BCD 2019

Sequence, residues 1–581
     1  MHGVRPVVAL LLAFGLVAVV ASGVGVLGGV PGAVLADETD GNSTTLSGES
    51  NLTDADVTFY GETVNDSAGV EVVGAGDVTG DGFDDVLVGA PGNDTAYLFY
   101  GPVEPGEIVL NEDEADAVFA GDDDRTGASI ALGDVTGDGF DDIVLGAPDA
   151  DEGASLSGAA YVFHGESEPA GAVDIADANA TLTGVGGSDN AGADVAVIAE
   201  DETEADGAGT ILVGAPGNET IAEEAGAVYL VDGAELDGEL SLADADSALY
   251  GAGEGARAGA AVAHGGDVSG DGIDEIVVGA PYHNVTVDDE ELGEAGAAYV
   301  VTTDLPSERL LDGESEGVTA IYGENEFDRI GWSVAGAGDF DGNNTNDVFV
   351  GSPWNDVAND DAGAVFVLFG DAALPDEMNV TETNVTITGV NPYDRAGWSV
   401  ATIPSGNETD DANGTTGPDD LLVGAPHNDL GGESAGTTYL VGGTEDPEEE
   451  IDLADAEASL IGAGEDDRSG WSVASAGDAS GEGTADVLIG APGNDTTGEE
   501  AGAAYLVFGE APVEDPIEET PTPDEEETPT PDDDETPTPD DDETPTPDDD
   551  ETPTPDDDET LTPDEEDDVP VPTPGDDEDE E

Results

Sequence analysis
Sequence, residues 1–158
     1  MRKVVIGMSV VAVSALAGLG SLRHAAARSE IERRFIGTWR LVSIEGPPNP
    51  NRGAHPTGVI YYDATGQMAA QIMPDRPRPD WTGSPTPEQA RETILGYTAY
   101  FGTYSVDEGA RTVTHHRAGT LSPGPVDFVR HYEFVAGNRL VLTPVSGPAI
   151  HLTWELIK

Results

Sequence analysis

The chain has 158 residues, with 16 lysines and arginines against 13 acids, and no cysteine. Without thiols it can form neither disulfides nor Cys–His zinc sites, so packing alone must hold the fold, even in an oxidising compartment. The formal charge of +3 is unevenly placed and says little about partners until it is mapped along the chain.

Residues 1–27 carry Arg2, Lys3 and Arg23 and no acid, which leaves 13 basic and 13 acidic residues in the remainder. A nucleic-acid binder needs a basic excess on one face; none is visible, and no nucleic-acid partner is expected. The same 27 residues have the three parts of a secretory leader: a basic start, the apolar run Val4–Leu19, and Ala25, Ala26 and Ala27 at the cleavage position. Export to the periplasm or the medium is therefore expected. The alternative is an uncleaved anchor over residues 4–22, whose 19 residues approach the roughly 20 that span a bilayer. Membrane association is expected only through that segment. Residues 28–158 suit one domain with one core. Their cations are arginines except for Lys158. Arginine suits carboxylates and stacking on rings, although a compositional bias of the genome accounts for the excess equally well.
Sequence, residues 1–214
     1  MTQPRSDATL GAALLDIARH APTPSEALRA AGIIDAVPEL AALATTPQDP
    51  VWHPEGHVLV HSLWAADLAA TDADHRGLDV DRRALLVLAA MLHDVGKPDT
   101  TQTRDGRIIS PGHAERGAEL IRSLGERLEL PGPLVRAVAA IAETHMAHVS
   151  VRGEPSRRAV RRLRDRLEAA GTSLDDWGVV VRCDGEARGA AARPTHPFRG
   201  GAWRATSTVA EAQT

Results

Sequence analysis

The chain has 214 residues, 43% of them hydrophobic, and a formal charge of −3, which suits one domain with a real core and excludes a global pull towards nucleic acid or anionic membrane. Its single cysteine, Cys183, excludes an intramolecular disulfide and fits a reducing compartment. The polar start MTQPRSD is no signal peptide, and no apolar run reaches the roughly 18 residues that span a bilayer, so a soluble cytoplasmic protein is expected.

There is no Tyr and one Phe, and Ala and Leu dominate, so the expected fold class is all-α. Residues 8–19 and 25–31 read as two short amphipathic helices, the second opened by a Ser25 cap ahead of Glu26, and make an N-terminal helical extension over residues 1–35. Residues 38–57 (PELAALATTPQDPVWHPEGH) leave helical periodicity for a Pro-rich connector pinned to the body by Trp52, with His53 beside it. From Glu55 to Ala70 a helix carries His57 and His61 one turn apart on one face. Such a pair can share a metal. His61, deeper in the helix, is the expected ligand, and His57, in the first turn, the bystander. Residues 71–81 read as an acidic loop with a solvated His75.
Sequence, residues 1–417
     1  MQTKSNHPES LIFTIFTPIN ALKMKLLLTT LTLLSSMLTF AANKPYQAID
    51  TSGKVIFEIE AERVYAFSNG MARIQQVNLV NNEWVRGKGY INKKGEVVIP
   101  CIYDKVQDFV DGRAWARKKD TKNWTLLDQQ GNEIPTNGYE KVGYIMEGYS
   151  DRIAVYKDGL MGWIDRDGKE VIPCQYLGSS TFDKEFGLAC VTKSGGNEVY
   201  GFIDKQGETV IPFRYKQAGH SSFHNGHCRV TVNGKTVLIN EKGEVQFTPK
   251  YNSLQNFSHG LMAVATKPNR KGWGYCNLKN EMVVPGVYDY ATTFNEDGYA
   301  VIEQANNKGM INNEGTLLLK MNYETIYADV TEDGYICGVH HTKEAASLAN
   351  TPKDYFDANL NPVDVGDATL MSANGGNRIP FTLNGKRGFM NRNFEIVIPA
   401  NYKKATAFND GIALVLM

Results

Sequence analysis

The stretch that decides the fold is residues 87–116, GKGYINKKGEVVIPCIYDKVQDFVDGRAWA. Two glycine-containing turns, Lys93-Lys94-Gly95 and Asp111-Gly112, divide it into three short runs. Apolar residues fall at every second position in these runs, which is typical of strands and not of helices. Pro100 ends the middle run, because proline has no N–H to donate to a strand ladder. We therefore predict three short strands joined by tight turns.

INTERIORS 5 155 C AT H E D R A L C O MM U N I C AT I O N S T H E B U I L D I N G C O N S E R VAT I O N D I R E C T O R Y 2 0 1 9 LINCRUSTA-WALTON and other 19th-century raised relief wallcoverings HELENA BRAZIL and PAUL CROFT L INCRUSTA-WALTON IS a raised relief wallcovering still found in excellent condition in many homes and buildings, having endured far beyond the expected lifespan of other forms of applied decoration such as wallpaper, paint and textiles. It was one of several innovative wall and ceiling coverings manufactured in the late 19th century to imitate the rich surface patterns and textures of earlier centuries, including fine plaster wall and ceiling mouldings, timber panelling and embossed leather wall decorations. The leading manufacturers employed the skills of well-known freelance designers such as George Haité, Lewis F Day, Owen W Davis and Dr Christopher Dresser to reflect current fashion, and surviving examples provide us a valuable insight into the interior design and decorating trends of the period. Today, Victorian wall coverings are often under-appreciated, but conservation projects are under way to restore lost areas of Lincrusta-Walton and other raised relief wallpapers such as Cordelova, and to preserve these schemes for posterity. THE HISTORY OF LINCRUSTA-WALTON Lincrusta takes its name from the Latin ‘linum’, meaning flax (linseed), and ‘crusta’, meaning relief or embossed. When a pot of linseed oil paint is left without its top on, the surface quickly forms a thin film which gradually thickens as short molecules of oil cross-link to create long molecular chains, a process known as polymerisation. It is these long molecular chains which give paint and modern plastics their strength and resilience. Frederick Walton may not have understood the chemistry involved, but he recognised the significance of the skin and its potential. His experiments led him to dip panes of glass repeatedly into linseed oil, allowing them to dry between applications. He later perfected the process of drying by painting the linseed oil on to stretched, pre-prepared cloths. The oxidised oil cloth was then broken down and a small amount of shellac added before the mixture was thoroughly kneaded in hot mixing vats, creating a material not unlike rubber. The addition of naphtha, a distillate of coal, created the material more closely resembling that of the India rubber Walton was searching for, and by early 1863 he had recognised that his newly patented material could be rolled directly onto a backing fabric in a single pass through mechanised rollers. The discovery was first used by Walton to develop floor coverings, and the Linoleum Manufacturing Company began production in Chiswick in July 1864. An adaptation of the process led to the development of an embossed wall covering known as Lincrusta- Muralis when it was patented in 1877, but it was renamed Lincrusta-Walton in 1880. The principal ingredients of both lincrusta and linoleum is thus polymerised linseed oil, termed linseed oil ‘putty’, combined with various other resins, driers and fillers and bound by a backing fabric. For Lincrusta the linseed oil putty is embossed or imprinted by rollers which apply pressure to create the design, and adheres the embossed sheet to a backing fabric of hessian or paper. Unlike linoleum, Lincrusta-Walton does not require long periods to cure and can be hung on the wall almost immediately. Modern day Lincrusta ® ingredients have been slightly changed, enabling the material to meet British fire regulations to Class B, s2-d0 under BS EN15102:2007. Lincrusta-Walton in its long history has been manufactured all over the world. Joseph Musnier purchased the patents to replicate it in 1880 and manufactured at Pierrefitte near Paris. The Lincrusta-Walton Manufacturing Company began trading in the USA in 1883 after building a large manufacturing plant in Stamford, Connecticut. Frederick Beck, manager of the Stamford business, purchased the company in around 1890 and renamed it Fr Beck and Co. Lincrusta-Walton was also manufactured under licence in the 20th century in Germany and Italy. OTHER RAISED RELIEF WALLCOVERINGS Lincrusta-Walton is not strictly a wallpaper as it is made from linseed oil and various fillers. It is frequently confused or categorised with other raised relief materials made from paper such as Lignomur, Anaglypta, Cameoid and Calcorian, all of which are manufactured using distinctly different processes. Tynecastle Tapestry is the earliest raised relief wallpaper, conceived in 1874 and later refined in a series of patents by Morton & An authentic Art Nouveau style of Lincrusta installed and decorated by Lincrusta technical manager, Andy Sarson (Photo: courtesy of LINCRUSTA ® )